In the times of globalization and free market economy, one could expect a country with a workforce of 516.4 million to churn out groundbreaking innovators from its technical and management schools to provide skilled labour to manage an ever-increasing number of industries. But that is not happening. At the global level, Indian companies are competing and winning using a low-pricing model, not due to new innovative ideas. As the country continues to open its market to foreign competition, threats to India's outsourcing business are already on the horizon, with emerging lower labour cost countries showing signs of possesing the ability to cut into India's lucrative outsourcing business.
One of the reasons that could be attributed to it is an acute dearth of socio-economic visionaries, entrepreneurs and geniune risk takers, who can give a vital edge for the country to be at the forefront.
''We have not been able to utilize our immense workforce which is equal to the value of oil in Saudi Arabia to our advantage,'' observed an analyst at a recent Confederation of Indian Industries (CII) meet.
Another reason is the education system. Its emphasis on learning by rote and scoring marks in exams, has stifled imaginative thinking and creativity among the children to grow up as visionary entrepreneurs.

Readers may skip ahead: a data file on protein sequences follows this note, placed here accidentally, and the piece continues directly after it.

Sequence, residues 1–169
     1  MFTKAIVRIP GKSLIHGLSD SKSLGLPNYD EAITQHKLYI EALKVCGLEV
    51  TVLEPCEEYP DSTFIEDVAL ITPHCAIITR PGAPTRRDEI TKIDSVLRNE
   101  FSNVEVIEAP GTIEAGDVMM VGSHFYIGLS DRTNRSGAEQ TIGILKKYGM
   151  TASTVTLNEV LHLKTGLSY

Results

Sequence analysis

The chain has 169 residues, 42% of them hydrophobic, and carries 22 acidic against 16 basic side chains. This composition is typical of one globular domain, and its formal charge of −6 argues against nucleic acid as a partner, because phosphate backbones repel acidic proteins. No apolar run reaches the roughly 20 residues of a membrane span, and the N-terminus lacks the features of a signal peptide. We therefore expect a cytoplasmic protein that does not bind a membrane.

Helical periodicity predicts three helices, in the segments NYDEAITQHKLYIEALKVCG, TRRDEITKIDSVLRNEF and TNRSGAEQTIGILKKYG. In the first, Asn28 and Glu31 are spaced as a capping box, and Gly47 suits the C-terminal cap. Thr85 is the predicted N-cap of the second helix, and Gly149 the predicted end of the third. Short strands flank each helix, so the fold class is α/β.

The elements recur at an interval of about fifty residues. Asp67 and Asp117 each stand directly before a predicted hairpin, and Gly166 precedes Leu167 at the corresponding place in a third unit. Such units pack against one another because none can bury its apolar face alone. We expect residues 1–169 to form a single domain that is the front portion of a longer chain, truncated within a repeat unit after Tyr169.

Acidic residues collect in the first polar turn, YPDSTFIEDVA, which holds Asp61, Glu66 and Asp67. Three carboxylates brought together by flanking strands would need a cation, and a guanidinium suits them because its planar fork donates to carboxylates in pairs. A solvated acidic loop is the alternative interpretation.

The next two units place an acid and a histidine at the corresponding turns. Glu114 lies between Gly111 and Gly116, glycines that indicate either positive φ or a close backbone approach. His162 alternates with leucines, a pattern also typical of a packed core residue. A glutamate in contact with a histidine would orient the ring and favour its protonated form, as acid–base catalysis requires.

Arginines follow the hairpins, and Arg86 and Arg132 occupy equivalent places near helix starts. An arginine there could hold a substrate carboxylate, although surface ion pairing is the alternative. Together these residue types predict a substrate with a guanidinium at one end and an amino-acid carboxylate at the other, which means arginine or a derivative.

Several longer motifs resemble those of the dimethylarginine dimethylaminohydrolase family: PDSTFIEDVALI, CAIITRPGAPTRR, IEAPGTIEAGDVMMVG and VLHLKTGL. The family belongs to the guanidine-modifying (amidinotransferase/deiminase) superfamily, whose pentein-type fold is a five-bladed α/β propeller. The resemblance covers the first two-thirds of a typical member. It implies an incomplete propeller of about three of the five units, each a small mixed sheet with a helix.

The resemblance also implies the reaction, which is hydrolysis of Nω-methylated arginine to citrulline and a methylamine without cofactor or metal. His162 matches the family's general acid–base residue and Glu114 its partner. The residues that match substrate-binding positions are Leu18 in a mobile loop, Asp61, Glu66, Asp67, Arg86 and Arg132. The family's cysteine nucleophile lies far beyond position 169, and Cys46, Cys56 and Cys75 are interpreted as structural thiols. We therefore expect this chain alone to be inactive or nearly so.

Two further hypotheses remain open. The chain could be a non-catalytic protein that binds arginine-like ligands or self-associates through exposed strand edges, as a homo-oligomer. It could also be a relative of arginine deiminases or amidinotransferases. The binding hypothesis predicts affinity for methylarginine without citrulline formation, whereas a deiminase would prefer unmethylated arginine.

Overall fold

''Fundamental failures in the education and vocational systems have dampened the entrepreneural spirit in India and has resulted in acute shortage of skilled manpower, jeopardizing the country's growth,'' is the verdict of an all-India study carried out by the National Knowledge Commission (NKC) among 155 entrepreneurs and stakeholders.
''The curriculum in colleges has been designed in a way that does little to encourage lateral thinking,'' said Madan Padaki, chief executive officer and co-founder of MeriTrac Services, a Bangalore-based skill assesment company.
About 25 per cent of the 5.5 lakh engineers that are churned out annually have the verbal and analytical abilities, to understand problems and think of solutions, he added.
Another factor is the aversion among Indians to take risks, especially the aspiring lower and middle class, which provide a vast majority of the workforce.